Just in time for Christmas, our great nation has achieved the dream of every Miss America contestant in history.
At last, the United States government has eliminated hunger.
No, not hunger the condition.
Hunger the word.
If you don't believe it, just peruse the report released last month by the U.S. Department of Agriculture, in which Oregon is ranked as one of the worst states in the country (behind only Mississippi) in terms of "food security." More specifically, the USDA found, of the 17 million Americans who are "food insecure" or "very food insecure" because of finances, roughly 200,000 are Oregonians.
There is not a single mention of "hunger" in the report because, beginning this year, the USDA has dumped that rather distasteful word for being "imprecise," and have officially replaced it with the phrase "food insecure."
A household is considered "food secure," they say, when its occupants do not live in hunger or fear of starvation. And a household is considered "food insecure" when ... well, when its occupants do live in hunger or fear of starvation.
In the name of razor-sharp precision, the USDA has opted to ignore one simple word everyone instantly understands in favor of a hopelessly vague pair of words. Yes, those words may make the idea of hunger more palatable to those who aren't hungry or in fear of starvation (why else would anyone coin such a phrase?), but they're not likely to instill a sense of urgency in anyone who might otherwise step forward and do something about it.
The current hunger picture is actually quite a bit darker than the one painted in the USDA report, which was assembled from data gathered in 2008. Last week, at the U.S. Conference of Mayors, the leaders of 27 cities across the nation reported a 26 percent jump in demand for hunger assistance over the past year, the largest average increase since 1991. Hunger is spreading while the number of homeless families is increasing, primarily because of the recession, those mayors concluded.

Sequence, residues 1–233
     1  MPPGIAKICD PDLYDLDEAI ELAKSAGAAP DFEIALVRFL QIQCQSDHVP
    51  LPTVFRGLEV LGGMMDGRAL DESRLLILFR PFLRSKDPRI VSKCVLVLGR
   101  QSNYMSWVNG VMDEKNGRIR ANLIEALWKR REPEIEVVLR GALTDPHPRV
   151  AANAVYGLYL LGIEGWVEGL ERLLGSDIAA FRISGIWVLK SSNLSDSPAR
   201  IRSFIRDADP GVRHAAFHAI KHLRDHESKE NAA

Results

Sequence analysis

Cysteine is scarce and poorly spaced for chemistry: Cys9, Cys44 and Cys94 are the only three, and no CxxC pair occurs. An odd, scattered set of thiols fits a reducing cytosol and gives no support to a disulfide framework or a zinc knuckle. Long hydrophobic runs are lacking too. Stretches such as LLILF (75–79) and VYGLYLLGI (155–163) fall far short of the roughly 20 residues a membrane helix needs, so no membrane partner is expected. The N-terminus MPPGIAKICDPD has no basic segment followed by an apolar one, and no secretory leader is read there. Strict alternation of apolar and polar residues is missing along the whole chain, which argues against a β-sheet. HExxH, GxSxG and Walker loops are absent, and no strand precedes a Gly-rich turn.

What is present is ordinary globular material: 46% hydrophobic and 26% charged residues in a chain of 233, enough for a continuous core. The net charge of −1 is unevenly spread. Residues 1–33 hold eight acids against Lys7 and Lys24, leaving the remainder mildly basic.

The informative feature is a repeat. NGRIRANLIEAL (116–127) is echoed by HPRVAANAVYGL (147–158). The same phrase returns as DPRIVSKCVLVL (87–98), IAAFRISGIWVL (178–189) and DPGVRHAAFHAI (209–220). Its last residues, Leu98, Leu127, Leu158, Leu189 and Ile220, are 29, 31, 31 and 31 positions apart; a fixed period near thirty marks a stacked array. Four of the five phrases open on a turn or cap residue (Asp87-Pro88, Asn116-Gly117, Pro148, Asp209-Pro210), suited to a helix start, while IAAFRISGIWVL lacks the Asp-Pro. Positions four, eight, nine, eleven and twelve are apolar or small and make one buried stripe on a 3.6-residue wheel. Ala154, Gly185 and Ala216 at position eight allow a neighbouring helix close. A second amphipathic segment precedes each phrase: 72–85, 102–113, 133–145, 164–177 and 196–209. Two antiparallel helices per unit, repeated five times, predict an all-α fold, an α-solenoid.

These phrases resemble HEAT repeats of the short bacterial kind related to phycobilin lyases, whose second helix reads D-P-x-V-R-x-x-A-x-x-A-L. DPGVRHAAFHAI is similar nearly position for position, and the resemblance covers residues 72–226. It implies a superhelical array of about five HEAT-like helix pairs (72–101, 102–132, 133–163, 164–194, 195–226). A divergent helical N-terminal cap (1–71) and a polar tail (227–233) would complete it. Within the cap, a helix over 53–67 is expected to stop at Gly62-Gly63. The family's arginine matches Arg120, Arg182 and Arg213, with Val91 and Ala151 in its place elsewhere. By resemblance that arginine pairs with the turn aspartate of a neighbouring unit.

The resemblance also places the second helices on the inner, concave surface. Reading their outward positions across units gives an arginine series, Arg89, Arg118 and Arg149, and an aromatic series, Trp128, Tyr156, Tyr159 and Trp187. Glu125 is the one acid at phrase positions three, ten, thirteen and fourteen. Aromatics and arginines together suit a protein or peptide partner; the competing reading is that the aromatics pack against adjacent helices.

Still, our federal government has decided hunger isn't a problem we actually need to solve; we just need to give it a new, happier-sounding, more politically correct name so it doesn't sound so darned unpleasant.
It's a frightening trend. You don't have to be The Amazing Kreskin to envision a future in which our nation's homeless are magically transformed by language into the housing insecure, poor people will become the monetarily unburdened, cannibals will be known as intra-species diners, and your dead Aunt Ida will be known forevermore as a permanently worry-free post-human mass.
And, what the heck, let's stop using that gloomy, depressing word "problem" and substitute "sunny garden of opportunity."
As in, "Houston, we've got a sunny garden of opportunity!"
Or, "If you think a rose by any other name isn't a rose, most mental health professionals would conclude you have a great, big, sunny garden of opportunity."
At this moment, at least 17 million Americans are hungry, and at least 200,000 of them live in your state.
That is a shocking fact. To sugarcoat or obscure it is an outrage, and the exact opposite of what is needed: action, not wordplay.
Unsigned editorials are the opinion of the East Oregonian editorial board, comprised of Associate Publisher Kathryn Brown, General Manager Wendy DalPez, Managing Editor Skip Nichols, News Editor Daniel Wattenburger and Senior Reporter Dean Brickey. EO Publishing Co. Board Chairman Mike Forrester and former EO Editor George Murdock also contribute editorial content. Other columns, letters and cartoons on this page express the opinions of the authors and not necessarily that of the East Oregonian.